I'll put it to you like this.  The book is broken into 3 parts.  During the first part, I was completely intrigued as it bounced back and forth from Nick's POV, to Amy's diary entries.  I couldn't decide how I felt about the characters, and I spent a lot of time trying to figure that out.  I felt like the author was doing great things with perspective, so much so, that I thought that must be The Reason why everyone loves this book.  I made a lot of notes to myself like "characters have skewed perception of self" and "Nick as unreliable narrator" etc. etc.

And then the end of Part 1 came and it was like

and I stopped making notes to myself, because the time for thoughtful analysis was over.  It was time to devour this book without mercy.

This book is not just great because of its issues with perspective (though that is part of it).  It is great because it is so unbelievably twisted.  I literally said, "OH SNAP!" out loud at least a half-dozen times.  Flynn has done an amazing job creating a thriller/mystery that is not based only on the action.  This is extremely character-driven, which I think is a tough thing to create when you're in the thriller genre.  I'm dying to read some of her other novels now, in the hopes that I can see this writing style replicated, even a little bit.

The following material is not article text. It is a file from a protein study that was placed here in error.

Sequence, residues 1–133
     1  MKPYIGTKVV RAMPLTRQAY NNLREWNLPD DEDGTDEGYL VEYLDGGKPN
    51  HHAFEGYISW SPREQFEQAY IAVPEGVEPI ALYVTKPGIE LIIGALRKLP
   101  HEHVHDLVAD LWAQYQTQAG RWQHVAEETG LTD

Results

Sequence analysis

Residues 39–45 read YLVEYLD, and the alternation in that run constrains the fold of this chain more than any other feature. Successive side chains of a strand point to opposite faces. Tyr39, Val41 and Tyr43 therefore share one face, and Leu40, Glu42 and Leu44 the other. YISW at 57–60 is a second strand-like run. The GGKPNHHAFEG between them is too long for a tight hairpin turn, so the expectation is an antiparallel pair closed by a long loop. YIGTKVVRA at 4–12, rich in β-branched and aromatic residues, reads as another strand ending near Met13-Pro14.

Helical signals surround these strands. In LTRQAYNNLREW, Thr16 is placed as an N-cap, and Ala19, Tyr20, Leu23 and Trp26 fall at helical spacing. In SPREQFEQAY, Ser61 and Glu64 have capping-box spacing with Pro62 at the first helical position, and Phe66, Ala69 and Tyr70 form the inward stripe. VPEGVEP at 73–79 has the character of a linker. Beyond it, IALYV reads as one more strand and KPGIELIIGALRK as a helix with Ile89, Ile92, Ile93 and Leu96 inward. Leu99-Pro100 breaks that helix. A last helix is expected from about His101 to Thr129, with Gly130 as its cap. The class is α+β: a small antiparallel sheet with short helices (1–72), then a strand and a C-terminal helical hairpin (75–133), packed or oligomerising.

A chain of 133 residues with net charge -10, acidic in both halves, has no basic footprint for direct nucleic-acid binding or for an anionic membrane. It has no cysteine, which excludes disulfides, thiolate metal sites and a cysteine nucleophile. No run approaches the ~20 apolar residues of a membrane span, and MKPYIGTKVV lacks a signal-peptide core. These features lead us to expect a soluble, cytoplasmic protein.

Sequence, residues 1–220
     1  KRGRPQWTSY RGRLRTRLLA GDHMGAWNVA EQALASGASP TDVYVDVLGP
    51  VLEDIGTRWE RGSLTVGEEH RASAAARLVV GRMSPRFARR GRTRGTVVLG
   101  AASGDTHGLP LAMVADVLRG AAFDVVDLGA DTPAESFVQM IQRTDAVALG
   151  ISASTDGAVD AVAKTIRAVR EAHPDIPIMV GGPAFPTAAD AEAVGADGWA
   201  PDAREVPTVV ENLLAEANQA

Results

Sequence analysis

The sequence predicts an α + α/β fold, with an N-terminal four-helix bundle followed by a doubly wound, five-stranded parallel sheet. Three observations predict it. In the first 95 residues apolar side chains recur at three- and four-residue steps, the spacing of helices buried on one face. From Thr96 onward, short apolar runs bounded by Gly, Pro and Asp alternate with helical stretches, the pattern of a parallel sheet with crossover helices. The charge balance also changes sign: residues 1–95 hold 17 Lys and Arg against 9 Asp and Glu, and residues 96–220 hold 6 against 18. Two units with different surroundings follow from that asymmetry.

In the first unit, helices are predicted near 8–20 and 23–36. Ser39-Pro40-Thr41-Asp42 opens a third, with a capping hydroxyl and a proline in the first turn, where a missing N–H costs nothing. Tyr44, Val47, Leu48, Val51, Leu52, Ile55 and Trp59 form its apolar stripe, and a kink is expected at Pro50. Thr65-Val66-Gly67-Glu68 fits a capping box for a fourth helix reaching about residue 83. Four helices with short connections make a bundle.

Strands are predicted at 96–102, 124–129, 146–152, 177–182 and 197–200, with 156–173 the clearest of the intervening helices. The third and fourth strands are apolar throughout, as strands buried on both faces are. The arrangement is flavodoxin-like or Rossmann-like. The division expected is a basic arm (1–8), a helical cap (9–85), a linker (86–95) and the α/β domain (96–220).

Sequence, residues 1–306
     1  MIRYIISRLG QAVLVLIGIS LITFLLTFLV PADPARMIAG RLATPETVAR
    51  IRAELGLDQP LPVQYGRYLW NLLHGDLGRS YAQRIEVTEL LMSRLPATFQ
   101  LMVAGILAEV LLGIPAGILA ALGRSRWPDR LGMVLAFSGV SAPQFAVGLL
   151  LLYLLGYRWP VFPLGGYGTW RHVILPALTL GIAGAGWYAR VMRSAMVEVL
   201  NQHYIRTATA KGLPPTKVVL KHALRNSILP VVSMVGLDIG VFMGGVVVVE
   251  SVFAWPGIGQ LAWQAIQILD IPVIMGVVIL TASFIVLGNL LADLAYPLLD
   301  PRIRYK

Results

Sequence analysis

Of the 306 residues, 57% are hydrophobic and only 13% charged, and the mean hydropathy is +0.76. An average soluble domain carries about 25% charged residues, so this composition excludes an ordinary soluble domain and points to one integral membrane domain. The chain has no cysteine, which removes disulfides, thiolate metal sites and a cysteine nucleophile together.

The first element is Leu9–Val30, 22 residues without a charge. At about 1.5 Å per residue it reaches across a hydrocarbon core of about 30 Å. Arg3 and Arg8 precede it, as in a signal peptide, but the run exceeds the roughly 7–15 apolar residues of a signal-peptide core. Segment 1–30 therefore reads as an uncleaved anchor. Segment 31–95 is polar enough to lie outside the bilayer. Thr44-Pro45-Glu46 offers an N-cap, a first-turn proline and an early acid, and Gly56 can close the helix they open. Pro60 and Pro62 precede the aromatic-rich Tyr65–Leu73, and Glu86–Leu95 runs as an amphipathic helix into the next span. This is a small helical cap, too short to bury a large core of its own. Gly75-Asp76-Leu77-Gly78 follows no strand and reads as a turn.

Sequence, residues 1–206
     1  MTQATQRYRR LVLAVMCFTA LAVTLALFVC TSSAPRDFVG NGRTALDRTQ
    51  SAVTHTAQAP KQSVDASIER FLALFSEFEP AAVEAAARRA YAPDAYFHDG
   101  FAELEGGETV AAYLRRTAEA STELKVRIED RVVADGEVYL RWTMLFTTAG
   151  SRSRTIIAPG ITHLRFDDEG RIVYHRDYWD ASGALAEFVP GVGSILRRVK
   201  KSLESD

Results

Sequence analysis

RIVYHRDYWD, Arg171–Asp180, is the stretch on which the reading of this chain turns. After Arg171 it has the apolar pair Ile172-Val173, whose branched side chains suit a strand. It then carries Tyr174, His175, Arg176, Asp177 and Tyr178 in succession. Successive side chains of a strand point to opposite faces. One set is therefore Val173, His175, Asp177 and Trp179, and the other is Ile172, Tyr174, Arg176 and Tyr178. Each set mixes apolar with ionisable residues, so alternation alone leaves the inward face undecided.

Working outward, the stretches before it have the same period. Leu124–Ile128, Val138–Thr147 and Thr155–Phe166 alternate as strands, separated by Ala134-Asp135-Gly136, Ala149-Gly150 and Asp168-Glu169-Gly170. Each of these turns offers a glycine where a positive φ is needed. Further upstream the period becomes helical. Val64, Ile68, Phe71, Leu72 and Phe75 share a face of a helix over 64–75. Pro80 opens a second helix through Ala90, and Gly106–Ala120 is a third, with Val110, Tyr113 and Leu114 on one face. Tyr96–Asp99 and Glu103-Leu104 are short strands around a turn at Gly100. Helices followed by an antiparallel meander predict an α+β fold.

The ending.  I've heard it debated: some people love it, others hate it.  I am in the love category.  I think the best word I can use to describe it is haunting.  You want to know what comes next, even though you know it's going to be dreadful.  It sticks with you, that's for sure.

I'm leaving my talk about the book there, because I can't give it away.  It's going on my favorites shelf.  You need to read this.  And then you need to discuss it with me, because I want to know what everyone thinks of Nick and Amy.  I have so many opinions to share!

*Also: I already read that this has been picked up as a movie, with Reese Witherspoon producing (and possibly starring).  I desperately want to see this on screen, but I am terrified that Hollywood will ruin it.  Also, I think Rachel McAdams would be a way better Amy.  And Bradley Cooper is the ultimate Nick, amiright?